Linda Muriuki and Regina de la Portilla in Cox’s Bazar, Bangladesh May 26, 2022 | English | Spanish
A dozen young women between the ages of 15 and 24 enthusiastically recite the English alphabet in a bamboo classroom at the Kutupalong camp in Cox’s Bazar district, Bangladesh. They then do some drawing before advising the board on what to do about issues related to menstruation and reproductive health as well as gender-based violence.
The girls are part of a group of 70 juvenile clubs that provide informal education to about 10,000 young Rohingya refugees living in the camp, home to nearly one million Rohingya who have fled violence and persecution in Myanmar.
More than 50% of the refugees are of school age, but many have not had access to formal education since coming to Bangladesh. Younger children may join the learning center, but until recently the informal program was mainly to read, write and learn basic arithmetic and was aimed only at children aged 4 to 14 years.
With the approval of the Government of Bangladesh, UNHCR, the United Nations High Commissioner for Refugees, UNICEF and their partners have established a more formal education program based on Myanmar’s national curriculum, which will enable the camp to meet significant educational deficits, including older children.
“If I could continue my studies, I would be a doctor or a teacher. A
As of May 1, 10,000 students had switched to the curriculum in Myanmar as part of a pilot project. However, until this new curriculum is fully implemented, most children over the age of 14 continue to have limited access to education. Teen clubs help fill that void for young people like Yasmin, who was just one year of primary school when she fled Myanmar to Bangladesh with her family in 2012.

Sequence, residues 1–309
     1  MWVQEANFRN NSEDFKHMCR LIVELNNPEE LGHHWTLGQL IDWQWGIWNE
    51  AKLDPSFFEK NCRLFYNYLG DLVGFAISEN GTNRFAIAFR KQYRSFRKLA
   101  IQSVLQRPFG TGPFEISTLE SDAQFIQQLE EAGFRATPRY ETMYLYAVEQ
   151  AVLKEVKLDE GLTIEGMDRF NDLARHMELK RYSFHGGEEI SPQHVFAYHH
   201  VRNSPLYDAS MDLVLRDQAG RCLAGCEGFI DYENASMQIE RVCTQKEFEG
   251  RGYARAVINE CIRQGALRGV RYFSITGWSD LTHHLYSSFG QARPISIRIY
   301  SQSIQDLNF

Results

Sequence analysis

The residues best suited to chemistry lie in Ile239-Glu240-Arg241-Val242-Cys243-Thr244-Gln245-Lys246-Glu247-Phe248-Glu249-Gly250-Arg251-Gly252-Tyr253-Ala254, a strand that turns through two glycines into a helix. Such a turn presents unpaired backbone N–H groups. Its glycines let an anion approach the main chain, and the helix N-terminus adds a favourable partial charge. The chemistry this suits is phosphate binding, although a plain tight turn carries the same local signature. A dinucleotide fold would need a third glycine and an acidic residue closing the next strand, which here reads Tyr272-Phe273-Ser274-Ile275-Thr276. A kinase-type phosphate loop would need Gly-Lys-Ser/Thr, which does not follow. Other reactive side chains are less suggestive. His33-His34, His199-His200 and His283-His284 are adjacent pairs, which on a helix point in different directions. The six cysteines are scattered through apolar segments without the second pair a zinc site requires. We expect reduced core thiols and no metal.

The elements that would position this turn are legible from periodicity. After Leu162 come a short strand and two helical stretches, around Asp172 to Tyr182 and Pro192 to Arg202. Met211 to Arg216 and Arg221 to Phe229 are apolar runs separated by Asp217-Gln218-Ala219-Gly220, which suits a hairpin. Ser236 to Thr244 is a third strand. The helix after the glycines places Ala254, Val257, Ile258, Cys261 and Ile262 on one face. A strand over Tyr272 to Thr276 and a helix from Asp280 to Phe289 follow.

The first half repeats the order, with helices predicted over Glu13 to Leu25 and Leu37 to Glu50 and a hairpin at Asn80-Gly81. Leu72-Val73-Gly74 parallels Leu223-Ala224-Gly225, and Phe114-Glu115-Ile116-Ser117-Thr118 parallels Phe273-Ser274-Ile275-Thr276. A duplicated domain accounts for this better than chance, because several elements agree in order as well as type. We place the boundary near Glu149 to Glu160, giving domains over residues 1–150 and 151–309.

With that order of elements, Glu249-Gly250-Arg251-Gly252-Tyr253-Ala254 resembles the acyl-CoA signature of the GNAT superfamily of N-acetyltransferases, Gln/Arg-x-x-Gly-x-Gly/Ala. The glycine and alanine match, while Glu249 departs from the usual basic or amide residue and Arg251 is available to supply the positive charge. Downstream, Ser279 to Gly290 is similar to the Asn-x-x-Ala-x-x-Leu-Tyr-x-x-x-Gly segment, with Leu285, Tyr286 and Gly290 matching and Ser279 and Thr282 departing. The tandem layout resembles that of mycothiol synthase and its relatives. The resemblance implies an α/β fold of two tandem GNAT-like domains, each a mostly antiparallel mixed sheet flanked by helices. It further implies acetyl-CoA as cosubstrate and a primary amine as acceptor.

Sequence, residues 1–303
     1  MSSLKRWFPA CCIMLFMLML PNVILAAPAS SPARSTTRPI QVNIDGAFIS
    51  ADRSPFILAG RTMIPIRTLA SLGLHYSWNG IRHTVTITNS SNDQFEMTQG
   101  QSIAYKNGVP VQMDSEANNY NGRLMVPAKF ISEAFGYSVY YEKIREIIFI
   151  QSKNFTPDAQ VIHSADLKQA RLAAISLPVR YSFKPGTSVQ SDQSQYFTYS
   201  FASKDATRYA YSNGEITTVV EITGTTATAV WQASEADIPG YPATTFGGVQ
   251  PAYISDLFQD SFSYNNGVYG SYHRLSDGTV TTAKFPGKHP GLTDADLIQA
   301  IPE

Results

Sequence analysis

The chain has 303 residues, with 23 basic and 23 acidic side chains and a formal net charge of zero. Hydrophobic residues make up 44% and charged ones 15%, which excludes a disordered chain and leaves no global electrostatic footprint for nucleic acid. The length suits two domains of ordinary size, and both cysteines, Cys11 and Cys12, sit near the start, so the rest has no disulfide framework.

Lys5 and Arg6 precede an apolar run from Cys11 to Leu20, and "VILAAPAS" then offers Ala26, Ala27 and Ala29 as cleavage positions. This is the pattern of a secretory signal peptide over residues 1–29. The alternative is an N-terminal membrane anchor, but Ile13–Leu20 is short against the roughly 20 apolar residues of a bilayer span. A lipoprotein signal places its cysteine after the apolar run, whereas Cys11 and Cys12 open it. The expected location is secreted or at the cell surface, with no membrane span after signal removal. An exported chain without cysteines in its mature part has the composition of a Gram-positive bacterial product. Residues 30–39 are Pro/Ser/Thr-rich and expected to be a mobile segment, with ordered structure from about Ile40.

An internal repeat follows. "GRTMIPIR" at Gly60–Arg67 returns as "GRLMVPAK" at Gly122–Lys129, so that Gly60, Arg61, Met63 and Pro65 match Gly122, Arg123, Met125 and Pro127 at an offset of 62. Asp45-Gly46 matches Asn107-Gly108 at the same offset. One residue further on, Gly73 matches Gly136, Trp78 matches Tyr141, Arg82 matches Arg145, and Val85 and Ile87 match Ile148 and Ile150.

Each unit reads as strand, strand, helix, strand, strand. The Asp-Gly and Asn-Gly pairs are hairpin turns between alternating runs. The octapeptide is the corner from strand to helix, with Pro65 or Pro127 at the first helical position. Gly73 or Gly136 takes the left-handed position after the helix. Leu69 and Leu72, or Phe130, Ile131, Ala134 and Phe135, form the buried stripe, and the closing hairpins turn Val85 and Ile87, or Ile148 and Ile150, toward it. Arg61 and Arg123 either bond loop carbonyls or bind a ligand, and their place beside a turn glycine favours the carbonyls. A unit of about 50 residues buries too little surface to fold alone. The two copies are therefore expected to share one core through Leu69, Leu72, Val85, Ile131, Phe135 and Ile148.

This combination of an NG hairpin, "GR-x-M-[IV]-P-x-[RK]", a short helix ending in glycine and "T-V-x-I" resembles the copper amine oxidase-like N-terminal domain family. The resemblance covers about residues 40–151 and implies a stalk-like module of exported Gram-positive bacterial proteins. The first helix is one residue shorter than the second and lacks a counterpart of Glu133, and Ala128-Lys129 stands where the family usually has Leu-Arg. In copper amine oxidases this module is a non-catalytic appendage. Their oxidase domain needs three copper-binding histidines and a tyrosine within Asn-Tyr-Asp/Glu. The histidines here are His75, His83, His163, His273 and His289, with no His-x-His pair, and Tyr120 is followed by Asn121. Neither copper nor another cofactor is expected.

“If I could continue my studies, I would be a doctor or a teacher … but we don’t have that kind of opportunity.”He explains.
“The activities organized by the teen club are very important for young girls as they learn basic numbers and literacy skills. It helps them to know about their personal health and hygiene as well as the risks of child marriage. ”UNHCR Education Officer Hanisa Akter said.
During a five-day visit to Bangladesh this week, UN High Commissioner for Refugees Filippo Grandi met with Yasmin and other girls from her club to discuss their future goals.
He described the implementation of Myanmar curriculum as an important step in improving the living conditions of Rohingya refugees in Cox’s Bazar. “Education is a right for children, wherever they are, and it is essential if we are to prepare them to return to their country.”What he has announced.
The High Commissioner also met with members of the youth group receiving environmental training from UNHCR and its partner organization, the International Union for Conservation of Nature (IUCN). These young people are now taking charge of efforts to green the camps and are coming together to raise awareness about the consequences of the climate crisis.
“We are experiencing climate change every day.”Underlined 18-year-old Mohammad Rafiq, who is part of one of the five teams. “Last year we experienced extreme weather during the rainy season. Most of the shelters in the lowlands have been flooded and we have had to rescue many people. A
His team is focusing on improving waste management in the camps as a way to limit flooding. “People used to throw rubbish everywhere.”He said. “Waste clogs the water pipes, so when it rains, it floods and the waste spreads around the camp. A
In addition to making bamboo bins and distributing them around the camp, the young volunteers raise awareness among their community about the importance of preserving the environment and the wildlife that roams the camp from nearby forests.
Filippo Grandi welcomes the development of projects that allow young people in the camp to acquire skills and feel useful.
“Education and skills development are essential for refugees to rebuild their lives if conditions are right for their successful return and reintegration to Myanmar.”He concludes.
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